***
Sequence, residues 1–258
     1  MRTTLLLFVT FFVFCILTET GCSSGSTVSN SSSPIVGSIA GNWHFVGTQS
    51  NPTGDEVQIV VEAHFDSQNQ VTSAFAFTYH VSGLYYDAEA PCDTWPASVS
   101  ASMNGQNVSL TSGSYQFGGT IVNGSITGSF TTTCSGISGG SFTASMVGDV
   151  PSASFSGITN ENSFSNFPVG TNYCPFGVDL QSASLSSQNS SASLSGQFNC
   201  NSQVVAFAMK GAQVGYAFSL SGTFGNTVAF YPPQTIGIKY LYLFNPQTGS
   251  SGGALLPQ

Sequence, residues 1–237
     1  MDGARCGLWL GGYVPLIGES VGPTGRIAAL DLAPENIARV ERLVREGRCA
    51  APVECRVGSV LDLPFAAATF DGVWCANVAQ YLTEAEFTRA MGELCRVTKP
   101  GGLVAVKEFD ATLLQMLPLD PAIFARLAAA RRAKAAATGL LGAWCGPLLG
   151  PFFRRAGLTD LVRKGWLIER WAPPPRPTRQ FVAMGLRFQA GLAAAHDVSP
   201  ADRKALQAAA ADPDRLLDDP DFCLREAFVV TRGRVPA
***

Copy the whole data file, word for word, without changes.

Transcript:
Sequence, residues 1–258
     1  MRTTLLLFVT FFVFCILTET GCSSGSTVSN SSSPIVGSIA GNWHFVGTQS
    51  NPTGDEVQIV VEAHFDSQNQ VTSAFAFTYH VSGLYYDAEA PCDTWPASVS
   101  ASMNGQNVSL TSGSYQFGGT IVNGSITGSF TTTCSGISGG SFTASMVGDV
   151  PSASFSGITN ENSFSNFPVG TNYCPFGVDL QSASLSSQNS SASLSGQFNC
   201  NSQVVAFAMK GAQVGYAFSL SGTFGNTVAF YPPQTIGIKY LYLFNPQTGS
   251  SGGALLPQ

Sequence, residues 1–237
     1  MDGARCGLWL GGYVPLIGES VGPTGRIAAL DLAPENIARV ERLVREGRCA
    51  APVECRVGSV LDLPFAAATF DGVWCANVAQ YLTEAEFTRA MGELCRVTKP
   101  GGLVAVKEFD ATLLQMLPLD PAIFARLAAA RRAKAAATGL LGAWCGPLLG
   151  PFFRRAGLTD LVRKGWLIER WAPPPRPTRQ FVAMGLRFQA GLAAAHDVSP
   201  ADRKALQAAA ADPDRLLDDP DFCLREAFVV TRGRVPA